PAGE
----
3.3. Method Protection

All kinds of methods might have different kind of protections in NX. The call-protection defines from which calling context methods might be called. The Next Scripting Framework supports as well redefinition protection for methods.

NX distinguishes between public, protected and private methods, where the default call-protection is protected.

A public method can be called from every context. A protected method can only be invoked from the same object. A private method can only be invoked from methods defined on the same entity (defined on the same class or on the same object) via the invocation with the local flag (i.e. ": -local foo").

All kind of method protections are applicable for all kind of methods, either scripted or C-implemented.

The distinction between public and protected leads to interfaces for classes and objects. Public methods are intended for consumers of these entities. Public methods define the intended ways of providing methods for external usages (usages, from other objects or classes). Protected methods are intended for the implementor of the class or subclasses and not for public usage. The distinction between protected and public reduces the coupling between consumers and the implementation, and offers more flexibility to the developer.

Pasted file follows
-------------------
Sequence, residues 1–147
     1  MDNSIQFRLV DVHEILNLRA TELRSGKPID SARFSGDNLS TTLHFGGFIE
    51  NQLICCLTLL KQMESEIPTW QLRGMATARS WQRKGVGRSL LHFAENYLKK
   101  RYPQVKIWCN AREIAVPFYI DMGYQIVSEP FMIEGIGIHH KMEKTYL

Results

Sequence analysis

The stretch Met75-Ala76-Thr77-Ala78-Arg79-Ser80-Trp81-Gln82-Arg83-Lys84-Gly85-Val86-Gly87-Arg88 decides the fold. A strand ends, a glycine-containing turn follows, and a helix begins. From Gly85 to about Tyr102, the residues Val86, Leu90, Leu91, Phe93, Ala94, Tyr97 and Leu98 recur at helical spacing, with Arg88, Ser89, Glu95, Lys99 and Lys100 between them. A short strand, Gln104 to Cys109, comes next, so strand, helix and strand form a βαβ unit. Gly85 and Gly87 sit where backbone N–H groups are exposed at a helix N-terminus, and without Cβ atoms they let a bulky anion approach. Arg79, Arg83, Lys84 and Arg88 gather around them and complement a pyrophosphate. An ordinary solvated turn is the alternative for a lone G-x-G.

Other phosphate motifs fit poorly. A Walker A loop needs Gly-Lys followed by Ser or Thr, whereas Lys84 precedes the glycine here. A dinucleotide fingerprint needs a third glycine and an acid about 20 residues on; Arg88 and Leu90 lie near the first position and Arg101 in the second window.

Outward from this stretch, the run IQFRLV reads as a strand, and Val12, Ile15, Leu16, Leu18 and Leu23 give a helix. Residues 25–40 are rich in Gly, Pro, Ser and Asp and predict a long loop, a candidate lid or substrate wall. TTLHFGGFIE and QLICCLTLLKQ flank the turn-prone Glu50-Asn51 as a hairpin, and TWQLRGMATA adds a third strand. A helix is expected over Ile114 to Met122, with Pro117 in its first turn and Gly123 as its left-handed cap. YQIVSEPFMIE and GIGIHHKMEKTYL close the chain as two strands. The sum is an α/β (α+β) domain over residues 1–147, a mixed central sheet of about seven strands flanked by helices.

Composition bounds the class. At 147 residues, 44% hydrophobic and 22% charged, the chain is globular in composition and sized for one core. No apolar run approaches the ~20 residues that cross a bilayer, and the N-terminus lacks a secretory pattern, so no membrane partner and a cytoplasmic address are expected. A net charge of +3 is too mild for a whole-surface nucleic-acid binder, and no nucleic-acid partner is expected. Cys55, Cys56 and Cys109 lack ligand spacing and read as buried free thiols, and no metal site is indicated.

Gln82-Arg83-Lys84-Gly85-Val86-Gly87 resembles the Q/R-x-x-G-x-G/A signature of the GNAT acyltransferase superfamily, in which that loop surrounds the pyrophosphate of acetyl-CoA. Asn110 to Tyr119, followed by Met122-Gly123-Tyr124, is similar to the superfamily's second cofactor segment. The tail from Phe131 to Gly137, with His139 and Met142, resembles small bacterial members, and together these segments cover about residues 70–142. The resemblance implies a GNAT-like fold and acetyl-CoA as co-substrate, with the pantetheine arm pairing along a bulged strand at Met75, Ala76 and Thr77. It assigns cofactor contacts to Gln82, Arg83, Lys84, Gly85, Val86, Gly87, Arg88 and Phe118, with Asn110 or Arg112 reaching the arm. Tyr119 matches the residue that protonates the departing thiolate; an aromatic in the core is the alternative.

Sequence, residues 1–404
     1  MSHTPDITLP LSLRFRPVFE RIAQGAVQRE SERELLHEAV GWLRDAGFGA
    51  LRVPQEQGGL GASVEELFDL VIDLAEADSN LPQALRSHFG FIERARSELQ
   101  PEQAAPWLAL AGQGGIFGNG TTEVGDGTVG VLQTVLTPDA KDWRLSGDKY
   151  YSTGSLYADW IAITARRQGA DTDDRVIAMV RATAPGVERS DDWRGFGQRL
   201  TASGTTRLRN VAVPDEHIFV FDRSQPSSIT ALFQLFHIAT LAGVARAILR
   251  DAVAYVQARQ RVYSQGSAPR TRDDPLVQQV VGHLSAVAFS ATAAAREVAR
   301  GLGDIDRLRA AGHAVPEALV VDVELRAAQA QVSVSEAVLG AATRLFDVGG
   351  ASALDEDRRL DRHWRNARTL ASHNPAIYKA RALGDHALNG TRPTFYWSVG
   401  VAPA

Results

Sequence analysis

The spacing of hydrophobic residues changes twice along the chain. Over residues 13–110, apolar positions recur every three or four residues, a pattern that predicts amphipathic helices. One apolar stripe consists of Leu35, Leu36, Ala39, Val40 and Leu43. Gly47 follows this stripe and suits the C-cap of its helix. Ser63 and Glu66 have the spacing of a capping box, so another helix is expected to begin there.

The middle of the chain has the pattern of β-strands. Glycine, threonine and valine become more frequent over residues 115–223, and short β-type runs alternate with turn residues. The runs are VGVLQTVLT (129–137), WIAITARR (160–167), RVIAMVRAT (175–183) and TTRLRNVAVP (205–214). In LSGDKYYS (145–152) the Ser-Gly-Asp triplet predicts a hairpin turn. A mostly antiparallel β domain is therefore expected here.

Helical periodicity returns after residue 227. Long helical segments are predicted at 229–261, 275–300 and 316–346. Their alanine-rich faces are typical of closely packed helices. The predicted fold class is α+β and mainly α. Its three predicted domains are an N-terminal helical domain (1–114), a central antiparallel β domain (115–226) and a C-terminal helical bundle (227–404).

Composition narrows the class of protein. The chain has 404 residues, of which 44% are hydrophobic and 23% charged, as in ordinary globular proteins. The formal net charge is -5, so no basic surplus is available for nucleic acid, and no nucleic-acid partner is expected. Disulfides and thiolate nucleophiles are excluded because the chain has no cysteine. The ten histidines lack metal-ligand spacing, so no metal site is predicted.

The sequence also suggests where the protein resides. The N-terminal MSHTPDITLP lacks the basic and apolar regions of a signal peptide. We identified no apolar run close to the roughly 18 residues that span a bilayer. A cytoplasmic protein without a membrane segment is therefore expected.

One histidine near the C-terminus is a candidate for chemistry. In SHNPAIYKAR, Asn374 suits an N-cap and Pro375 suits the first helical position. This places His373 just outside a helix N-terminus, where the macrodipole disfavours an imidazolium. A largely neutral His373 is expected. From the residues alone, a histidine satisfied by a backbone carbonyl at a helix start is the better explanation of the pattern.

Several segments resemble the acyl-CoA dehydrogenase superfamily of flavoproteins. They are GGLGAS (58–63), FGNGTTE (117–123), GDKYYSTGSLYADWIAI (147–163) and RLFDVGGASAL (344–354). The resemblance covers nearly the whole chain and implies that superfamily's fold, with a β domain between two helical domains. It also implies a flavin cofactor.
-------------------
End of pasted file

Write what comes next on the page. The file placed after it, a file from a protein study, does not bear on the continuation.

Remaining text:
Listing 25: Protected Methods

nx::Class create Foo {

  # Define a public method
  :public method foo {} {
    # ....
    return [:helper]
  }

  # Define a protected method
  :method helper {} {
     return 1
  }
}

# Create an instance of the class:
Foo create f1

# The invocation of the public method "foo" returns 1
f1 foo

# The invocation of the protected method "helper" raises an error:
f1 helper

The example above uses :protected method helper …. We could have used here as well :method helper …, since the default method call-protection is already protected.

The method call-protection of private goes one step further and helps to hide implementation details also for implementors of subclasses. Private methods are a means for avoiding unanticipated name clashes. Consider the following example: